formerly
and, in

made

against

general,

it

a reproach against this orchestra,

the

all

French

orche.-trus,

that they played too loud, and neglected the gradations.

This reproach

is

no longer merited

and there

some years, a remarkable delicacy


in the manner of accompanying by the orchestras of
the Opera and the Royal School of Music.
That of
h

is

even been,

for

the Italian Theatre has lost,

it is

lightness and unity; but this

circumstances, which

and which

it

is

is

true,

something of

its

the result of peculiar

may disappear

at

any moment,

useless to inquire into here, because

they have no relation to the actual state of the

art.

In according to the orchestras which have just been

mentioned
effect

tint there
Ct,

Jieir

a just

eulogium,

in

of their performance,
is

a great

fmrtii are but rarely

regard to the general

cannot be disguised

number of gradations which they

and which would add

performances.

it

much

to the effect of

For example, the pianos and


the maximum of what those gra

268

PART

EXECUTION.

dations ought to be

and the

last

the

are not sufficiently soft,

first

When

not sufficiently loud.

from the one to the other of these

up by

effects

the p
not

it

ordinarily

filled

is

much

be

a crescendo t their succession should

more abrupt than

which cannot take

is,

place, but by carrying the character of each of

The

to a high degree.

The

ciently gradual manner.


is

of elfect

fails

so that nothing

it

is

sometimes

happens

the

that

unequally, and without concert.

fects

may

also

be observed

good leader may avoid them.

in

the

are sure guides for the musicians.


less

his intelligence, und his

knowledge.

is

Paul

For example,

Every thing de-

though

in

is

the

and rarely give

it

is

it

movements which

lively, a crotchet followed

performed as

vet the difference

effect,

decreseendo.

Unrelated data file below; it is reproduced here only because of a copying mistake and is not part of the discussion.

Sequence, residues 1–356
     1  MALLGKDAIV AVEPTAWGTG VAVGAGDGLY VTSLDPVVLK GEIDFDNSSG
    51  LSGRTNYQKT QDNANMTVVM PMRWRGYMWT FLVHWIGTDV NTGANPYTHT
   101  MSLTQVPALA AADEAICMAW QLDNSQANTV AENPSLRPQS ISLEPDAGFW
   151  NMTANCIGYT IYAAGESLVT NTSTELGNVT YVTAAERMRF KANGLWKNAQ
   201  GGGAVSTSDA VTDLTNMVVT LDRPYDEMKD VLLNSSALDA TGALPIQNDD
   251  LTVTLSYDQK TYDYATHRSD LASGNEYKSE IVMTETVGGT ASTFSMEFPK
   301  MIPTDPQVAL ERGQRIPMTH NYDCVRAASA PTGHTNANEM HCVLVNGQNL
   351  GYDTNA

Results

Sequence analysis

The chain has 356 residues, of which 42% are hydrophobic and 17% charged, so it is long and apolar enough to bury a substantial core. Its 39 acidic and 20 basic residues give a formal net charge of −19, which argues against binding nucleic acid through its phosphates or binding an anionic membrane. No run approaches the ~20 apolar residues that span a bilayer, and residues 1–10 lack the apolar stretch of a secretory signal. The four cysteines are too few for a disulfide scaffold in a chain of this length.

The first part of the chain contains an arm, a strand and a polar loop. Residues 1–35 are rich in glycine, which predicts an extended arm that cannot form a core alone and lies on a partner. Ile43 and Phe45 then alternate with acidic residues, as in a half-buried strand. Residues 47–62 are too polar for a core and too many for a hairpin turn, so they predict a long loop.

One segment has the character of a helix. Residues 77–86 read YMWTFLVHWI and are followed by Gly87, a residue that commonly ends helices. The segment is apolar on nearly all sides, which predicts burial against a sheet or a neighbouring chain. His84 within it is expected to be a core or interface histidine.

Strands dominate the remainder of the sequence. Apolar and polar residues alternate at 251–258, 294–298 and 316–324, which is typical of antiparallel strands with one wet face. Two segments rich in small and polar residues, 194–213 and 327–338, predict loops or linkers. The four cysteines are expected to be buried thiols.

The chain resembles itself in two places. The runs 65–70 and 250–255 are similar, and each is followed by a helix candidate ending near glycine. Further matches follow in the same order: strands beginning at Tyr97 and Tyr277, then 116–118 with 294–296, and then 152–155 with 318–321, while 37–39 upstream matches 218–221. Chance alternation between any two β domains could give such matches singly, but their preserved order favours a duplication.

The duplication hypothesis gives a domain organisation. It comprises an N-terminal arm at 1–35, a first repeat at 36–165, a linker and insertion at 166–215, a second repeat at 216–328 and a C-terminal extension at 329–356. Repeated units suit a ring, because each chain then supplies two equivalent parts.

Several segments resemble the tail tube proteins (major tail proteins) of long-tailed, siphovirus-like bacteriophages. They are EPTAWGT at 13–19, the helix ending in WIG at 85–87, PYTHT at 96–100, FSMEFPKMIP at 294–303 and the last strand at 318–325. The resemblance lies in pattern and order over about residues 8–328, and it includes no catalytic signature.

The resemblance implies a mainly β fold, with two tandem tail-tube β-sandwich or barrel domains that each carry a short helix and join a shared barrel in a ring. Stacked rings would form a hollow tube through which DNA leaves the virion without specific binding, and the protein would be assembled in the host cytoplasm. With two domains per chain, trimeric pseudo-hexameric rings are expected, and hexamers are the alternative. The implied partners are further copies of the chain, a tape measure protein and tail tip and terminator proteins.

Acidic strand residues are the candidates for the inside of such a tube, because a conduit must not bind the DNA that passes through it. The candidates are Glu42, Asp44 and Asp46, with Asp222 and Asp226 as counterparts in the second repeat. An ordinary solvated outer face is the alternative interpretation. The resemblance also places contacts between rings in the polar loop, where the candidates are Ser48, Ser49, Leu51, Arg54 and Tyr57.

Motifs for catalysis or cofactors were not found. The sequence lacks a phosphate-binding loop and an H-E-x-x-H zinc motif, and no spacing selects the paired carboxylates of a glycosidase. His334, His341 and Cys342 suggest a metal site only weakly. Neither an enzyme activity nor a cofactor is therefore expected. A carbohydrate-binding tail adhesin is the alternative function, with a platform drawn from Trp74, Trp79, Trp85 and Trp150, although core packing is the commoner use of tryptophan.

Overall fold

sensibility of his organs,

real value of the DOtes,

written.

somewhat
is

is

these de-

that the performers generally pay little atten-

to the

it

ami

crescendo

All

certain natural indifference (nonchalance)

reason

are

delayed,
obtained,

is

His gestures and looks

pends on the greater or

as

is

it

and unsatisfactory; and,

v;i_nie

made

tion

suffi-

becomes weak-

other times,

at

more than a demicreseendo

the effect of which

to be

in

swelling of the Bound

frequently hurried, so that the end

finally,

much

because they are not executed

ened, and

them

crescendo and the dcercscendo

are also gradations which frequently leave


desired,

III

by

crotchet

minim by many musicians;

is

reiy observable in regard to

indifferent

of this description

in

regard

are multiplied

to

to

time.

infinity,

COLLECTIVE PERFORMANCE.

CHAP. Will.

and

account

little

is

made of them;

to injure the neatness of the effect

2()9

but they

much

i!o

upon the audience.

In order to feel the necessity of avoiding them, the

performers ought to

upon

that they

recollect

are called

any

to give the intention of the author, without

Exactness

modification.

The

not only a duty, but

is

it

means of contributing, each,

also a very convenient


in so far as

is

concerns himself, to a perfect execution.

French

traditions of the

fine

school

violin

have given birth to a kind of beauty of execution

which was formerly unknown

mean the regularity


we now observe

of the movements of the bow, which

among

who play the same part. This reguamong twenty violinists, who are

those

all

such, that,

larity is

playing the same passage, there


difference in

the

and pushed.

If

ists,

we

we

if

The

and ought not

it

tone, according as

The

the screw.
first,

to a

violin-

follow a uniform

move-

marked

public does not observe these things,

to see

without knowing

duced

bows

drawn

is

the drawing and the pushing were

by figures.

vras, at

bow

examine these

attentively

shall see all the

ment, as

not the slightest

is

times in which the

it

them

is

but

the

for

feels the result,

it

bow

gives

different

used near the point or near

choice of the drawn or pushed

an unreflecting instinct;

but

is

now

bow
re-

regular system, by an observation of what

has been found to be good and useful.

There

is

in

rently of small

all

these remarks

importance

but

much

it is

that

is

appa-

upon the more or

270
less

TART

EXECUTION.
scrupulous attention which

given to these

is

III

little

things, that the success of a piece of music, or even

The musician who

of an opera, frequently depends.